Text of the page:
Yoga - Ardha Chandrasana
by B.K.S. Iyengar
In the previous issue of Life Positive, we described Supta Padangusthanasana, calling it a supine standing pose. In this issue we describe the standing pose, ardha chandrasana. 'Ardha' means half and 'chandra' is moon. This asana develops balance and makes the mind more focused. Here is the technique of the pose, perform it to understand it better.
• Stand erect with feet together. Make sure that the heels and the big toes are touching each other.
• Inhale, jump and spread your legs sideways 3½ to 4 feet apart. Lift the knees towards the thighs and move the kneecaps towards the knee joints.
• Move the diaphragm towards the chest and extend both the arms sideways in line with the shoulders. The shoulders move down as the shoulder blades move inwards.
• Turn the entire right leg from the thigh to the foot sideways 90º to the right, left foot turning slightly in to the right while keeping the left leg stretched from inside. Make sure to keep it taut at the knees.
• Exhale. Looking at the right hand, extend the right hand down towards the right big toe along with the trunk. Now stretch the left hand straight up towards the ceiling.
• Exhale and place the right palm about 1 ft away from the right foot by bending at the right knee. Bring the left foot nearer to the right foot.
• Place the left palm over the left hip, stretch the left leg up so that the left leg is parallel to the floor and the right leg is perpendicular to the floor. Turn the chest to the left and establish balance.
• Extend the left arm straight up, fingertips pointing towards the ceiling. Slowly turn the head to look at the left hand.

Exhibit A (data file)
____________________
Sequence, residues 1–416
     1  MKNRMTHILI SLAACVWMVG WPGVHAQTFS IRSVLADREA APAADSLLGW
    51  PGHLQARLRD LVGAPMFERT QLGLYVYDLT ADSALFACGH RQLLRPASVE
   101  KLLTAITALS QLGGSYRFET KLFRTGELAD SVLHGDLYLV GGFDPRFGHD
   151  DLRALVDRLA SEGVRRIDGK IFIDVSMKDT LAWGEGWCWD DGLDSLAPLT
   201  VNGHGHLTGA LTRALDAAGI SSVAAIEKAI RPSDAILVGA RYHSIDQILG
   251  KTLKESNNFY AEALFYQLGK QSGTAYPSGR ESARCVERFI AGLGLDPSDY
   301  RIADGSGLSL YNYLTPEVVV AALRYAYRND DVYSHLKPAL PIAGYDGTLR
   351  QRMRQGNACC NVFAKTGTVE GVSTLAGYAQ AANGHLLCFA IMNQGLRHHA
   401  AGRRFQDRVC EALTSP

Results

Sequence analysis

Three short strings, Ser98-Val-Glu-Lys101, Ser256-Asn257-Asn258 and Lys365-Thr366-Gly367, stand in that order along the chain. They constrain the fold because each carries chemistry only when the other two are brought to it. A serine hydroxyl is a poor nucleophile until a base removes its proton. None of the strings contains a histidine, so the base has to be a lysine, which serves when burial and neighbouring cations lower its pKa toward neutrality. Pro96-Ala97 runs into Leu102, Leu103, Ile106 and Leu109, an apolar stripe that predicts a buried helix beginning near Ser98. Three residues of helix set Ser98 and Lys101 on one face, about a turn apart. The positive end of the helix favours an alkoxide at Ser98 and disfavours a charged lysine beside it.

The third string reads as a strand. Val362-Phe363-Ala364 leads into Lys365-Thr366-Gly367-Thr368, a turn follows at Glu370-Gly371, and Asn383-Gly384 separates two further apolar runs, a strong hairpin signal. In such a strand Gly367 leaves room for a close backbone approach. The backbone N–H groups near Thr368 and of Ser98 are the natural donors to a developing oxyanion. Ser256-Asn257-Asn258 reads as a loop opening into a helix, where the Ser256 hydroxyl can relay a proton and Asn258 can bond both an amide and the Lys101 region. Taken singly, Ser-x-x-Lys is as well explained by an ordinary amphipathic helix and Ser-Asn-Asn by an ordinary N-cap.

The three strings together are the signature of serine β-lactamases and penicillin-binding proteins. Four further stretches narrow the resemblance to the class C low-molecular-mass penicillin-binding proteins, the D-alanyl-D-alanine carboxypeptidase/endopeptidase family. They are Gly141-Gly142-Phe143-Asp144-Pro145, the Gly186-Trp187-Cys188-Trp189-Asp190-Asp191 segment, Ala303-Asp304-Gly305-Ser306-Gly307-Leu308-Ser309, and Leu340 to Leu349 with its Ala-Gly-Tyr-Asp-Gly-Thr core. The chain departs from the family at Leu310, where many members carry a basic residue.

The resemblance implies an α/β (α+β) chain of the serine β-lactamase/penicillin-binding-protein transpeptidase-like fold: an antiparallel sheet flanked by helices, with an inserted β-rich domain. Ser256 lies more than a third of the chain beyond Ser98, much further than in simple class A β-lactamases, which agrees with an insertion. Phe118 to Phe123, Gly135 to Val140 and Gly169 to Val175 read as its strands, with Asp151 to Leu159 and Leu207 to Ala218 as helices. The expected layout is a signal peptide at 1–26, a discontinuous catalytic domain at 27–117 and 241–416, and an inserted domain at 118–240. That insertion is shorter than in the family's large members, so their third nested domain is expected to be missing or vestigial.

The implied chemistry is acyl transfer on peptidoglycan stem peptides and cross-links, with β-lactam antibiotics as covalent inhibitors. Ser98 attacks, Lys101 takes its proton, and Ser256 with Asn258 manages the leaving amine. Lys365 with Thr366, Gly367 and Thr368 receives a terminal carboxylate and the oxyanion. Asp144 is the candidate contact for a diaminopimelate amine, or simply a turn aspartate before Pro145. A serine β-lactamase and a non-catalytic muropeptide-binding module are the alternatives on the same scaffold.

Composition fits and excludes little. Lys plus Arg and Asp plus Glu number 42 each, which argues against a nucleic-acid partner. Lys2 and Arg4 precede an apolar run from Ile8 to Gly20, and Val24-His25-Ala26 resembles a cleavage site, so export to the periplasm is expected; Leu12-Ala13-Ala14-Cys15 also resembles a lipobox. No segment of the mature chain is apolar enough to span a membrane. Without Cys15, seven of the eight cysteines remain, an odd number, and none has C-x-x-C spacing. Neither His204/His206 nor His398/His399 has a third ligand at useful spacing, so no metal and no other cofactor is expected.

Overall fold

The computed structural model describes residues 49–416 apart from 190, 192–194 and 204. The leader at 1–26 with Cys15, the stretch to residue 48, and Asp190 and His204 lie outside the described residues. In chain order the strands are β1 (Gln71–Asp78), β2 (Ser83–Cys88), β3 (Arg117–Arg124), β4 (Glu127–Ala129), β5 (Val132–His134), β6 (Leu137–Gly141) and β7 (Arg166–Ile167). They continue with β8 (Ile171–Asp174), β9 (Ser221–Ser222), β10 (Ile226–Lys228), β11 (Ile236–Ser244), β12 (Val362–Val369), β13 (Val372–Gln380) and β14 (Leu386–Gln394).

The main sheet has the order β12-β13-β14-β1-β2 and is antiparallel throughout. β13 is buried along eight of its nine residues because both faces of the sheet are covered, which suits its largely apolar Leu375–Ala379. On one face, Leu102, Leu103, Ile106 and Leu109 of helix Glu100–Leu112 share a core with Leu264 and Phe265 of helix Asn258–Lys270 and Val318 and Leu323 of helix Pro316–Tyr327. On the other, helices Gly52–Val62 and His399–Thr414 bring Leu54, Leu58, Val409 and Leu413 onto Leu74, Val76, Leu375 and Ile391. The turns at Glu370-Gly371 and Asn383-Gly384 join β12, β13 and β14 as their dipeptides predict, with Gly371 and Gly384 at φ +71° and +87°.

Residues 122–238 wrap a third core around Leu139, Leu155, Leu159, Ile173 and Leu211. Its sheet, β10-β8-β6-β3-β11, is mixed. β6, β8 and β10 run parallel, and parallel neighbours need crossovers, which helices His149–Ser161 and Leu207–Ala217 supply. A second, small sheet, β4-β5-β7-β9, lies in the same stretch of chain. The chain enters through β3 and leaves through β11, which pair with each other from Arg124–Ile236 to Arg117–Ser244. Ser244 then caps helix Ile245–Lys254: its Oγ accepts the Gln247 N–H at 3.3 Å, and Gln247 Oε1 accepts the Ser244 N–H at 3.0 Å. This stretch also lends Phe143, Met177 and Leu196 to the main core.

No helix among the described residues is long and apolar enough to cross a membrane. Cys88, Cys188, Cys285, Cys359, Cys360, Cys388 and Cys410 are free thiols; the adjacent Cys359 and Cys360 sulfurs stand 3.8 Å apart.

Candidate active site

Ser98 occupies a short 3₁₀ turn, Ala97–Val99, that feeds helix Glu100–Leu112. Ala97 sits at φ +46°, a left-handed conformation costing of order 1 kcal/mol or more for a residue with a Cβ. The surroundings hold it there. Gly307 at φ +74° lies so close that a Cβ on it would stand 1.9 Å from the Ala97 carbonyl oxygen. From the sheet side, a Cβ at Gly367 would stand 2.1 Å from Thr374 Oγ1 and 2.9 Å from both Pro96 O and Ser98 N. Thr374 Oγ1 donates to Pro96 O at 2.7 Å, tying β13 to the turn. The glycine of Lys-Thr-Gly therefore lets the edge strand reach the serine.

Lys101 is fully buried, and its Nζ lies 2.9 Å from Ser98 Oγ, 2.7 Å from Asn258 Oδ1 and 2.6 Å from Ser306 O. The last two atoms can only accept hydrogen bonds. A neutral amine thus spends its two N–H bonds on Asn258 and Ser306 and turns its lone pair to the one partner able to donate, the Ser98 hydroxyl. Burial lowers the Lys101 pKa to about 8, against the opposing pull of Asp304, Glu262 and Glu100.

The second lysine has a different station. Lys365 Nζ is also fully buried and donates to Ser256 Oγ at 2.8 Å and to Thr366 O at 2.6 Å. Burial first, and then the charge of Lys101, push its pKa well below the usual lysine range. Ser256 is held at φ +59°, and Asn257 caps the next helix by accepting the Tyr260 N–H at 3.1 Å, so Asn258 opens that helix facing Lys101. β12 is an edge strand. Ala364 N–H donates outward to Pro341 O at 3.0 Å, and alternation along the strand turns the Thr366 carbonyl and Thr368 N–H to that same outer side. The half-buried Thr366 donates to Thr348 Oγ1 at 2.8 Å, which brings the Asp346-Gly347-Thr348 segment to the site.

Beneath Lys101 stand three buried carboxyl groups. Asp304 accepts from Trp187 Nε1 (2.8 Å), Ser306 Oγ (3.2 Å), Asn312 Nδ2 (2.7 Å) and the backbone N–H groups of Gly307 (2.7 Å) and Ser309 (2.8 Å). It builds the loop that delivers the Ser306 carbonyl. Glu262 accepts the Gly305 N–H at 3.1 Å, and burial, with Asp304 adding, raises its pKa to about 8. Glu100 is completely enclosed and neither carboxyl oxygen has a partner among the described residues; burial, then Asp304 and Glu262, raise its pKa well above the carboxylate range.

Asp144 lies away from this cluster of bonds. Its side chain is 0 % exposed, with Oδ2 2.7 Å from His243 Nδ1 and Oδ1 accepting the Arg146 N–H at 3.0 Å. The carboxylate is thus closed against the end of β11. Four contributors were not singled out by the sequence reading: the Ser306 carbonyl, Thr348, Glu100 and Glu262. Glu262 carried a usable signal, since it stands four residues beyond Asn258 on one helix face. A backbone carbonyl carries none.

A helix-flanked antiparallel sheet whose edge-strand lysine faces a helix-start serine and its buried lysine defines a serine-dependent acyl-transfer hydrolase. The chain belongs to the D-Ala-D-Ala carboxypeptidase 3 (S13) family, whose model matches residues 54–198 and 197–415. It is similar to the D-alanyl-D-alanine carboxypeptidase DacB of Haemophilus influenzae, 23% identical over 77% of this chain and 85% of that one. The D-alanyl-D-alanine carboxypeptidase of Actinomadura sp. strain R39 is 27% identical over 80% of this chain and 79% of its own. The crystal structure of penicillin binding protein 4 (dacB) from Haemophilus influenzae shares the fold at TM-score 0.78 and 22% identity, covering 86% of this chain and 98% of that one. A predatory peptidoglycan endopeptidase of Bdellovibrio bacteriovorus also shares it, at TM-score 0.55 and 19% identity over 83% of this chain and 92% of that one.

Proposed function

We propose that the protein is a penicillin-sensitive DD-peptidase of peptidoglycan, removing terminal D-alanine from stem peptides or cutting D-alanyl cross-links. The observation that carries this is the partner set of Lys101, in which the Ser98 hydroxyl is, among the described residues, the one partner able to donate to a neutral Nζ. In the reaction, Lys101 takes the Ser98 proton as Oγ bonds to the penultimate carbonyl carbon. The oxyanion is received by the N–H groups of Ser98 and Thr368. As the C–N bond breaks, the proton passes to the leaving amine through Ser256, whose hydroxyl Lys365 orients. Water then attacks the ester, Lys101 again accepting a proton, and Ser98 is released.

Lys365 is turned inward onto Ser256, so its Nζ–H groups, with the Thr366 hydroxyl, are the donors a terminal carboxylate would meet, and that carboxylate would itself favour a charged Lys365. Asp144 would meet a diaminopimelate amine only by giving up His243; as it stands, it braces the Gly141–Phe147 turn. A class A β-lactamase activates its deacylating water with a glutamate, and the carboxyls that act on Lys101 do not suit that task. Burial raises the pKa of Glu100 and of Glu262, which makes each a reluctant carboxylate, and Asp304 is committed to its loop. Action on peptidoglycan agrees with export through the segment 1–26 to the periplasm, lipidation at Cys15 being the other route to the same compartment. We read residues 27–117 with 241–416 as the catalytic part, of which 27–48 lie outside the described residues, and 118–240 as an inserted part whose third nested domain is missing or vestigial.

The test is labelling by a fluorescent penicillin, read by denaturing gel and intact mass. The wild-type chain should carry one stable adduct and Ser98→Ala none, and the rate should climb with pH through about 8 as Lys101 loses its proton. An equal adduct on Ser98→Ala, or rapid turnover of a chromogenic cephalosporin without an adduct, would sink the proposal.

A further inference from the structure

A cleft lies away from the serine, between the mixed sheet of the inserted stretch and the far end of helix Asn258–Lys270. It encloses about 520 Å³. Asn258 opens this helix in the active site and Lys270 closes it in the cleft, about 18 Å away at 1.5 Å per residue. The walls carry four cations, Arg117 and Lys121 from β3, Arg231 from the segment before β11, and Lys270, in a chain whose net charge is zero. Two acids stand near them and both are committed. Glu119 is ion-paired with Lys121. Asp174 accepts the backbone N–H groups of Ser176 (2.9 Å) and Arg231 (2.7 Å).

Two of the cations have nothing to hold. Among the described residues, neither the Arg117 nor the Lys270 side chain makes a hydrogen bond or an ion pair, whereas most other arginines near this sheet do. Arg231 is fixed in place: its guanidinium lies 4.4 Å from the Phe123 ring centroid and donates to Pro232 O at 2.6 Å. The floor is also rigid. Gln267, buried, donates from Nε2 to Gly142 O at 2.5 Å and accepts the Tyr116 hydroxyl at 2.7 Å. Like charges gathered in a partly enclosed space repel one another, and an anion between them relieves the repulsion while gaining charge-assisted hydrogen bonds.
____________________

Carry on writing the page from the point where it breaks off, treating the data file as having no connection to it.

• Hold the pose for 20 to 30 seconds, breathing deeply and evenly. Then exhale and bend the right leg at the knee, lower the left leg to the ground and come back.
• Repeat the pose with the left side.
Some Useful Tips
• Press the right outer big toe and the inner heel firmly on the floor to remain steady. Turn the right upper arm out and lift it while lifting the left leg.
• Learn to lift the left leg as the right leg is straightened. Synchronize the two actions.
• If one cannot place the palm down on the floor then place the fingertips cup-shaped. If this is also not possible then use a block (or any other support like a book) whose height is about six inches, 12 inches away from the right foot and place the palm on this support. This would help you to lift your right upper arm and also create room for the back to turn.
• If one is unable to balance independently then use the wall to support the whole of the back, the buttocks and the left heel.
• If one cannot feel the opening in the pelvic region or is unable to turn the chest, then stand with the left side of the body facing the wall and bend at the right knee, place the right palm on the block and place only the left foot against the wall and simultaneously straighten the right leg. Place the fingers of the left hand on the left pelvic bone and using this support turn the left shoulder behind, allowing the chest to turn to face the front. The back of the body would be in a straight line when the buttocks are tucked in towards the pelvis.
• Gives relief to a person suffering from cramps both in the pelvic and abdominal regions.
• Beneficial for those whose legs are damaged or infected.
• Tones the lower region of the spine and the nerves connected with the leg muscles as well as strengthening the knees.
• If practiced with other standing poses, it also cures gastric troubles.
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